This site is built using [React](, a JS library. _But_, it renders everything from the server before all that JS does anything. The JS then progressively enhances the site to enable things like super-fast additional page loads and the SVG animations. This means that the site will be accessible even if the JS were to fail for any reason. You may think the numbers for that are small... like, 1%. Keep in mind that it’s not 1% of people who always encounter a broken site, and 99% of people who don’t. It’s 1% of _visits_. I stole that line from [this wonderful illustration of the phenomenon](

Also, progressive enhancement makes supporting older browsers *so much easier*. Because the site will always work without JS, you can [cut the mustard]( so that your JS only runs on your supported browsers. Meaning you don’t ever have to write JS to work in non-modern browsers.

## Making it responsive

The only reasonable way I know of to ensure a website is usable on _any_ device/software is [Responsive Web Design](

## Writing semantic HTML

The easiest way to make something accessible is when you get it for free. By using `<header>`, `<footer>`, `<nav>`, `<button>`, and other elements appropriately, you build accessibility into the very structure of your app. This includes using `<h1>`, `<h2>`, etc&hellip; in a sensible order. I reviewed this site’s code and found some areas I could improve.

[A11y commit #1](

## Supplanting semantic HTML with `aria` landmark roles

While most browsers automatically associate, say, `<main>` with `aria-role="main"`, [not all do]( So it’s best to go ahead and define those yourself.

[A11y commit #2](

## Focus states

A lot of sites have some CSS like this to remove the default dotted outline when elements are focused in some browsers:

a:focus {
outline: none;

Don‘t do that! If you absolutely must remove it, you also _must_ define your own focus styles.

## Use alt text (and the equivalent for SVG)

Any image in the content of a site must have an appropriate `alt` attribute defined. The only exception is images that are purely decorative.

For SVGs, you can use the `<title>` and `<desc>` elements to describe the graphic in combination with `aria` attributes. See the commit for examples.

[A11y commit #3](

## Test for sufficient color contrast and color blindness

Researchers have determined a minimum threshold for foreground/background color contrast that is readable by most people, which is specified as part of [WCAG]( You can use a tool like [aXe](, which integrates into Chrome‘s Dev Tools, or [tota11y](, which can be integrated into your site or used as a bookmarklet, to check if the text of your site meets this threshold. There are some gotchas, though:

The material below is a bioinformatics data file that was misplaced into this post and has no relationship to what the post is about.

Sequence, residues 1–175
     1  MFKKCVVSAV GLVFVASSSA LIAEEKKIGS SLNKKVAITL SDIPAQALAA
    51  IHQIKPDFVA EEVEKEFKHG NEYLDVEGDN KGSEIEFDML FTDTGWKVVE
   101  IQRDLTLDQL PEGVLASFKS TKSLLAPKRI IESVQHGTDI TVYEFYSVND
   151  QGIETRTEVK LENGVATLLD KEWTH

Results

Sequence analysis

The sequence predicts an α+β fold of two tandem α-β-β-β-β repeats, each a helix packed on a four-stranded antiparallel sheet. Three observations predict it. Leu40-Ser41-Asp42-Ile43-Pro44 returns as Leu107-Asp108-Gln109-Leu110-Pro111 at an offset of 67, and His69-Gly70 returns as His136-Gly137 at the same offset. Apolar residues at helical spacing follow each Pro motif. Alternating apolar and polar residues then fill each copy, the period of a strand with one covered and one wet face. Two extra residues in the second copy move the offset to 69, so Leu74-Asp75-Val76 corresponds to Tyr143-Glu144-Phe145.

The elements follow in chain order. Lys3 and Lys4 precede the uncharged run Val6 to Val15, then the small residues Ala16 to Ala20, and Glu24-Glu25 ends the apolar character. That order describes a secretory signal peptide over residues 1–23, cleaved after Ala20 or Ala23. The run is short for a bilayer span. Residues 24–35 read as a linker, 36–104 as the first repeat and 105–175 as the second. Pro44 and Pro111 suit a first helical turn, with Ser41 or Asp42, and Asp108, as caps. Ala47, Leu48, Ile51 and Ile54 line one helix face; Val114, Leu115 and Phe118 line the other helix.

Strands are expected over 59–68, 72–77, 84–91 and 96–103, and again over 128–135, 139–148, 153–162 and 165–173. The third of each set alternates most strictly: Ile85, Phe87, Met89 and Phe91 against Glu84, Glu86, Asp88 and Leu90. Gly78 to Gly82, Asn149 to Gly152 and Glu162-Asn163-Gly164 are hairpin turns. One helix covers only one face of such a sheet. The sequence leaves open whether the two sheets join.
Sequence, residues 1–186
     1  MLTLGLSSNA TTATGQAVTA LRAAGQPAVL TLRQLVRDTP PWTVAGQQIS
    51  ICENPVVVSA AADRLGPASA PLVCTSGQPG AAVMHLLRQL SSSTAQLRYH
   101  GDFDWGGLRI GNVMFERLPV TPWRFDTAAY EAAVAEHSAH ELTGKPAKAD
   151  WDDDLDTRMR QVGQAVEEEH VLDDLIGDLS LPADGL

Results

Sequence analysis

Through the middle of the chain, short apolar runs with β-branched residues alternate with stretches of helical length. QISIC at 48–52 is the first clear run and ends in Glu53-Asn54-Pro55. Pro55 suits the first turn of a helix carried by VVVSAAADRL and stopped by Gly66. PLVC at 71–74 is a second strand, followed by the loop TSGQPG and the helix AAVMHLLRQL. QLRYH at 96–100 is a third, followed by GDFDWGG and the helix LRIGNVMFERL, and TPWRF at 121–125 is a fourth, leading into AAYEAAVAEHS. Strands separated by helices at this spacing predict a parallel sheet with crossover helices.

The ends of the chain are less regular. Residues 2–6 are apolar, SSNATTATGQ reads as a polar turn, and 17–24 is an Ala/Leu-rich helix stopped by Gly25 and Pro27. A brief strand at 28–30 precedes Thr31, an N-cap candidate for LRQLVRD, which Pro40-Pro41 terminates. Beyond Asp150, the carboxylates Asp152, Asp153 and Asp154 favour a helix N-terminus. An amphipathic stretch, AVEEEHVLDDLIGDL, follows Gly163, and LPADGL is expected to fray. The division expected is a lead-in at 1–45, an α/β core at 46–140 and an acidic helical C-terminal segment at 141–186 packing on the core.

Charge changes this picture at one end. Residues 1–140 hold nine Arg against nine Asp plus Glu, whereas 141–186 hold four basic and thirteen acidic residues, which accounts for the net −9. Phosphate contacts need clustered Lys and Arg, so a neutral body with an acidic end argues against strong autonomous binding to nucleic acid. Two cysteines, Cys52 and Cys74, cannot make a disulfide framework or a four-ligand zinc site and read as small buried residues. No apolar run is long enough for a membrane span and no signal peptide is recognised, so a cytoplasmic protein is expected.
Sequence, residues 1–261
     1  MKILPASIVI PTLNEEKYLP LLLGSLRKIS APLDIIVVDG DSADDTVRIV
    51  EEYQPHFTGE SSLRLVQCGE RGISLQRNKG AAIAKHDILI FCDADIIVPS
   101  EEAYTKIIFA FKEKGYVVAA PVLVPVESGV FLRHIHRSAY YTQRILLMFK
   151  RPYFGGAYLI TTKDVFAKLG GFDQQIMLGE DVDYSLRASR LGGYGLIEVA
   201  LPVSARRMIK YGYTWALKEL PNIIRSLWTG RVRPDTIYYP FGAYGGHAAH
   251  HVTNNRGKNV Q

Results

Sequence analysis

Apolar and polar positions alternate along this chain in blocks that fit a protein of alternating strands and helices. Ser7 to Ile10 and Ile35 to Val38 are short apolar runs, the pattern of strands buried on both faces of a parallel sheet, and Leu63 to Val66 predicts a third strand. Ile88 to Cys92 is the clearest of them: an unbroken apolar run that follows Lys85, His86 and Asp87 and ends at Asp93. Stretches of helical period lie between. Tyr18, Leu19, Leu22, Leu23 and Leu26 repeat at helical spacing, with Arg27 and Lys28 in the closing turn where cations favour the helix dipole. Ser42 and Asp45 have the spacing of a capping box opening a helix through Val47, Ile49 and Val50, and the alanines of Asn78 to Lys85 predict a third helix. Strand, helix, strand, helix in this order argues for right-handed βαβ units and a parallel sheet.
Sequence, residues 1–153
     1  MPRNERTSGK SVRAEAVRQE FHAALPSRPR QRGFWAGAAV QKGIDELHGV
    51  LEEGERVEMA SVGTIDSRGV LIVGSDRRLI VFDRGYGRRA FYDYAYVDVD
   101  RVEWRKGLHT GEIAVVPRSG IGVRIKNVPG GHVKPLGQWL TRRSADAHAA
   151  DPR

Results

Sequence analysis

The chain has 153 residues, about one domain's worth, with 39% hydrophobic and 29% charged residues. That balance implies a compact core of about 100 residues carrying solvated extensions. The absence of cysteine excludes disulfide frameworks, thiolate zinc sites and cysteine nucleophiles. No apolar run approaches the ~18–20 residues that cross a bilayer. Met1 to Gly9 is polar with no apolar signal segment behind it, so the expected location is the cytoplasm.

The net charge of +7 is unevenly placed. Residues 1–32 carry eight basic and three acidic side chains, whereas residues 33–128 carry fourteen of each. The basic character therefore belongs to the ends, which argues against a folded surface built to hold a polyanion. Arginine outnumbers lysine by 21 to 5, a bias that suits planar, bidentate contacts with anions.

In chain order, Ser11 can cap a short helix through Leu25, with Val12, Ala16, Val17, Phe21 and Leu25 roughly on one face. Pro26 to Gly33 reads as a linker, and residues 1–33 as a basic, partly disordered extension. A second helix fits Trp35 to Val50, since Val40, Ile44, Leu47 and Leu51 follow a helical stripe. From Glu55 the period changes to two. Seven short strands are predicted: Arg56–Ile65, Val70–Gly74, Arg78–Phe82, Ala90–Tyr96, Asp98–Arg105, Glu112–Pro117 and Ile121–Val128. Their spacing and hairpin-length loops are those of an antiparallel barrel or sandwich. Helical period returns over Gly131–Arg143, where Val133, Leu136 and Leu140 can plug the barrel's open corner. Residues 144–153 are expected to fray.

1. It will only test actual text and backgrounds, not text that is part of or on top of an image.
2. It cannot determine the contrast of pseudo-elements (`::before` & `::after`)

After running checks, if I find any colors that need changed, I like to use [Colorable]( to find values with sufficient contrast.

[A11y commit #4]( &amp; [A11y commit #5](

## Consider a “Skip to content” link

Sometimes a site can have a lot of stuff that a person using a screenreader or restricted to a keyboard would have to wade through before they get to the content. Including a [link to skip down to the content]( in the very beginning of your page that is visually hidden until focused is a nice way to help them out.

This site has a very minimal header and the primary navigation is at the bottom of the page, so the link I‘m adding will be “Skip to navigation”.

[A11y commit #6]( &amp; [A11y commit #7](

## Make sure to use descriptive links

Consider the post teasers on my [Writing](/writing/) page. They have a title, a brief excerpt of the post, and a Keep Reading&hellip; link. Sighted users can see that the “Keep Reading&hellip;” belongs to the post above it, but screen readers have no way of relaying that information to their users. That is, not without a little help.

We can use `aria` attributes again to add a more descriptive label to those links:

<article role="article">
<h3 id="everything-i-did-to-make-this-site-accessible"><a href="/writing/everything-i-did-to-make-this-site-accessible/">Everything I Did to Make This Site Accessible</a></h3>
<em><span title="April 12, 2016">3 days ago</span></em>
<div>I believe the web is meant to be open and available to everyone, no matter who they are, what device/software...</div>
<a href="/writing/everything-i-did-to-make-this-site-accessible/" aria-labelledby="everything-i-did-to-make-this-site-accessible">Keep reading…</a>

_Thanks to [this CodePen]( by [Gray Ghost Visuals]( for the technique._

You should also generally avoid using generic phrases like “Click here” for your links, because they provide very little context.

[A11y commit #8](

## Test, test, test

After you’ve done everything you can, you should test your site using assistive technology tools. Ideally, you‘d do so with someone who uses such tools on a regular basis, but you can simply use the tools yourself in a pinch. If you‘re on a Mac, you have [VoiceOver]( built in.